Why not “Darwinist”, if “evolutionist” is supposed to be used to merely note the fact that one is not anti-science in the field of biology? At least “Darwinist” sets one off from believers in other “evolutionary scenarios”, like versions of ID, Lamarckism, and pan-psychic notions about evolution.

Beyond that, why would you think that bald assertion is an appropriate response to a reasoned post? Obviously I’m concerned about the labeling that IDists like to use, while your response deals with nothing at all except a meaningless comparison of “evolutionist” with “biologist” and “scientist”.

Glen D http://tinyurl.com/b8ykm

Wow, thanks for the list. But why only one SJ Gould Book? Oh well, I have half of his books anyway. :p

Dan brings up a good point. Several of the authors on the list have numerous books on the subject.

Obviously, PZ is going for coverage of the field, and I saw several books on the list I’ll have to check out. But, for those who might be interested in some of the more prolific authors’ other output, I’ll compile a short list:

S.J.Gould wrote a column in Natural History for many years, and compiled his essays into book format quite frequently. Ever Since Darwin was the first such effort, I believe, and was followed by (not comprehensive, and in no particular order): The Panda’s Thumb(!) Bully for Brontosaurus, Dinosaur in a Haystack. There are on the order of ten such collections, all good reading in essay format. Some of his other books include Full House, one of my favorites, which manages to be entertaining about both baseball (Gould’s other obsession) and the diversity of life; and The Mismeasure of Man, about eugenics and the origins of IQ testing in the early 20th century.

Richard Dawkins’s other books include The Selfish Gene, Climbing Mount Improbable, The Extended Phenotype, and recently The Ancestor’s Tale, which is big but worth it, and should be out in paperback soon.

Also by Matt Ridley, The Red Queen, all about the evolution of sex, and, recently (actually haven’t read this one) The Agile Gene

Good list, PZ.

Abiogenesis Iris Fry, 2000 “The Emergence of Life on Earth: A Historical and Scientific Overview” Rutgers University Press

* A bit dated. Eg. There is no question that the early Earth’s atmosphere and oceans were reducing.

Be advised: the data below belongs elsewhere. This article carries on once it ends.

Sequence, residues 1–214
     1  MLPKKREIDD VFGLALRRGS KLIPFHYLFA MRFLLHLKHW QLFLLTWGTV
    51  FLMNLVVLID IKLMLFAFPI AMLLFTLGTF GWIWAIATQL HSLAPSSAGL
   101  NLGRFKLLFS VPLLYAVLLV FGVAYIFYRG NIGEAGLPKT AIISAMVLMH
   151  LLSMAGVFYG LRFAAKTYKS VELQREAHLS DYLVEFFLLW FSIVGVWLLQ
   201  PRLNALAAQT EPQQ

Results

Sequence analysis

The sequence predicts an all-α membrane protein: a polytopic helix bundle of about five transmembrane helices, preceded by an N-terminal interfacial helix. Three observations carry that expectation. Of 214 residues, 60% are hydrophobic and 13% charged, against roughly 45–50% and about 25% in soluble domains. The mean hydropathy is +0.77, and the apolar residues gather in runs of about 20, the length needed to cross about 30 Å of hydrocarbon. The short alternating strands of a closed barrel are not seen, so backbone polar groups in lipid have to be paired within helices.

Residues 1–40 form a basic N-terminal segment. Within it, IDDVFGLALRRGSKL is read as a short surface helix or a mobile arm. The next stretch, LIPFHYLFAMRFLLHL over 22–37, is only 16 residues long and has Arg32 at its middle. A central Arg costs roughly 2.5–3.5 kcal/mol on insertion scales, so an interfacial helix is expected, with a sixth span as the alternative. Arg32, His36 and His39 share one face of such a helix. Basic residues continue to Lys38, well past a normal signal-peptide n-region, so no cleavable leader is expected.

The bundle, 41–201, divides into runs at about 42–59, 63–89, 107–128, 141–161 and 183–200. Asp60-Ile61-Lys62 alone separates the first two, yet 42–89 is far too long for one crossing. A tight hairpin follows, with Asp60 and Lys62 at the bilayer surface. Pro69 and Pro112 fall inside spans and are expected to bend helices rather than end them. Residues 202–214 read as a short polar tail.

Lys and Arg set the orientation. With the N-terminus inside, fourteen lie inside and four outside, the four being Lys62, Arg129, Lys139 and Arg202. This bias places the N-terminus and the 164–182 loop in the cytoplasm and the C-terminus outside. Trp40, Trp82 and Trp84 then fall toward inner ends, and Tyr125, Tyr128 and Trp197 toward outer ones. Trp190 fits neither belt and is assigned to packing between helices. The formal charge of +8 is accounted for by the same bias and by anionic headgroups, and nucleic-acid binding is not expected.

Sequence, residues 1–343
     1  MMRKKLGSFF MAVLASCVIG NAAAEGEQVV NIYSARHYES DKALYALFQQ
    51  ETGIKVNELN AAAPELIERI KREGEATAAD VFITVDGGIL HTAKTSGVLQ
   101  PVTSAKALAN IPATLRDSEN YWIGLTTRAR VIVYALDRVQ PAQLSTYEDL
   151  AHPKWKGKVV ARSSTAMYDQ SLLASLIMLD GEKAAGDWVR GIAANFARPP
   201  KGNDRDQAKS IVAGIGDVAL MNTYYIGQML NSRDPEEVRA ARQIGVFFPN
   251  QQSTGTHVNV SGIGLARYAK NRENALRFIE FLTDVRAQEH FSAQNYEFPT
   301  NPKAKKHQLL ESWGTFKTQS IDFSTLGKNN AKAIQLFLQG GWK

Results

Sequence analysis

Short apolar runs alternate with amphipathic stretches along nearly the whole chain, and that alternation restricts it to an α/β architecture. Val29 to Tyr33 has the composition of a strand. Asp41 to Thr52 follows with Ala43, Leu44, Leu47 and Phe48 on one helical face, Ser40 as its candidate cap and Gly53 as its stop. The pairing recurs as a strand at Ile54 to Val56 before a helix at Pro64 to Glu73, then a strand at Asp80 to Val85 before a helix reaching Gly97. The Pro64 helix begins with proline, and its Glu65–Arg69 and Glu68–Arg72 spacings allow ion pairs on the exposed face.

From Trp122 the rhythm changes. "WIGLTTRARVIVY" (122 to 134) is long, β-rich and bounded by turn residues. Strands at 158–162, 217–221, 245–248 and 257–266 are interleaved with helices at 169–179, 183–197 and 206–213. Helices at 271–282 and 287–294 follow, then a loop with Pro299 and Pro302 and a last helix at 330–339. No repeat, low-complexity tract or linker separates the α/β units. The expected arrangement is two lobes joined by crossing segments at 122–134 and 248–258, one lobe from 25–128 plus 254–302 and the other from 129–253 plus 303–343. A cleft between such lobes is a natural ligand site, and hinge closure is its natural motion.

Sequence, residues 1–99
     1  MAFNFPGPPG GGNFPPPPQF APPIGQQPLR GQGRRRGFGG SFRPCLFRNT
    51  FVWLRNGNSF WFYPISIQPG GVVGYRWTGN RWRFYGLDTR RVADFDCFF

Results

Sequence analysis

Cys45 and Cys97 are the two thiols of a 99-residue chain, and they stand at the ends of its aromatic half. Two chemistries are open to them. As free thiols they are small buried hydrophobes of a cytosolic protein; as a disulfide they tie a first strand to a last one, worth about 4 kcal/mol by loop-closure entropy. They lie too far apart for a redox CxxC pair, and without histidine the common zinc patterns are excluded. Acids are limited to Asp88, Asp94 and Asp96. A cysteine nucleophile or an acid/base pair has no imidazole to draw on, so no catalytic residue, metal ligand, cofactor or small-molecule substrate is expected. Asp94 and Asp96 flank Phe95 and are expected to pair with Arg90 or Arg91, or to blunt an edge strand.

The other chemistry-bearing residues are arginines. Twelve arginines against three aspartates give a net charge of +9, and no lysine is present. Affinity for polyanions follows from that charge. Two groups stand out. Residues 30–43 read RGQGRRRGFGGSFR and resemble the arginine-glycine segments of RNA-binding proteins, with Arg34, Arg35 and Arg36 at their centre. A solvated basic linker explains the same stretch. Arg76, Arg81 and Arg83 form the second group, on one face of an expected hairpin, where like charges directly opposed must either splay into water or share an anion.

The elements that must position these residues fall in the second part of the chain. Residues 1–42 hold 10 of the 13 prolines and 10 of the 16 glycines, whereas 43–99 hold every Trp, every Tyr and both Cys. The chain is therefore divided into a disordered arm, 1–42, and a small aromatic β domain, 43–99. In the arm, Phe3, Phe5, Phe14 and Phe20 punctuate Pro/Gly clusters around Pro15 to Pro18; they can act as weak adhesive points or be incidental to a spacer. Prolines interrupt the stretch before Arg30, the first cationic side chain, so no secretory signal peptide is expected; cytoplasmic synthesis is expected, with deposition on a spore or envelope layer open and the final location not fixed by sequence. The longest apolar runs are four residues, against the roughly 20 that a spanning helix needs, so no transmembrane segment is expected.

High School educated:

Burnie, Davin 1999 “Get a Grip on Evolution” London: The Ivy Press

**Breezy, fun read. Lots of historical details as well as science.

Books to send to creationists:

Towne, Margaret Gray 2003 “Honest to Genesis: A Biblical & Scientific Challenge to Creationism” Baltimore: PublishAmerica”

**Former student of paleontologist Jack Horner and seminarian.

Stephen J. Godfrey, Christopher R. Smith 2005 “Paradigms on Pligrimadge: Creationism, Paleontology, and biblical interpretation.” Toronto: Clements Publishing

**One time YEC fundies. Today: one paleontologist and one a Baptist minister.

Spong, John Shelby 1992 “Rescuing the Bible from Fundamentalism” New York: HarperCollins

** Retired Bishop with the resulting strenghts and weaknesses.

I think your kind of forgetting..

Telling Lies for God: Reason Vs. Creationism by Ian R. Plimer, Professor of Geology at The University of Melbourne, who bravely stood up against creationists and expose their dark side despite attempts made by creationists to silence him.

I also enjoyed Richard Fortey’s Life. It’s a bit more broad than Trilobite, but where Trilobite discusses very specific evolutionary mechanisms and events, Life gives an excellent “big picture” that ties together the larger-scale evolutionary themes in a historical narrative.

Having a larger historical narrative is also good because Fortey has a tendency towards digressions and side-stories. With a larger frame to keep this in check, his writing skills really shine through. Just as in Trilobite, he manages to bring ancient worlds to life and describes long-extinct creatures as if they were swimming around in a tank right next to him.

Just two questions –

(1) Where are the anti-evolution and/or anti-Darwinism books to give the list balance ?

(2) If there is no controversy, then why do we have all these books about the controversy?